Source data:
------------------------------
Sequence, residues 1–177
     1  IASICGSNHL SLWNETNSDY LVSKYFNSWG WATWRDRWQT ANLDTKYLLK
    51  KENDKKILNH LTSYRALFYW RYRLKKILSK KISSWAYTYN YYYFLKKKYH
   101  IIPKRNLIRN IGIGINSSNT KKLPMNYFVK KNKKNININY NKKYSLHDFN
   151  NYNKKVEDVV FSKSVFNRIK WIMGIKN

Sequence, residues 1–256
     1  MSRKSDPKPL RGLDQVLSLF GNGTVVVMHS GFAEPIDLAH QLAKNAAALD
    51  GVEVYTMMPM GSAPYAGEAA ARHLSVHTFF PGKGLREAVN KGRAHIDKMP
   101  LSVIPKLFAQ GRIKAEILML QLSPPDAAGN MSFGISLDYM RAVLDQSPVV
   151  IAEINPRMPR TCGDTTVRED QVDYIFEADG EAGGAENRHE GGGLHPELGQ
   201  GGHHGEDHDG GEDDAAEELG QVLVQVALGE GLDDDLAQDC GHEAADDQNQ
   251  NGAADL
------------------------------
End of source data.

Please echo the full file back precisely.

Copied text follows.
Sequence, residues 1–177
     1  IASICGSNHL SLWNETNSDY LVSKYFNSWG WATWRDRWQT ANLDTKYLLK
    51  KENDKKILNH LTSYRALFYW RYRLKKILSK KISSWAYTYN YYYFLKKKYH
   101  IIPKRNLIRN IGIGINSSNT KKLPMNYFVK KNKKNININY NKKYSLHDFN
   151  NYNKKVEDVV FSKSVFNRIK WIMGIKN

Sequence, residues 1–256
     1  MSRKSDPKPL RGLDQVLSLF GNGTVVVMHS GFAEPIDLAH QLAKNAAALD
    51  GVEVYTMMPM GSAPYAGEAA ARHLSVHTFF PGKGLREAVN KGRAHIDKMP
   101  LSVIPKLFAQ GRIKAEILML QLSPPDAAGN MSFGISLDYM RAVLDQSPVV
   151  IAEINPRMPR TCGDTTVRED QVDYIFEADG EAGGAENRHE GGGLHPELGQ
   201  GGHHGEDHDG GEDDAAEELG QVLVQVALGE GLDDDLAQDC GHEAADDQNQ
   251  NGAADL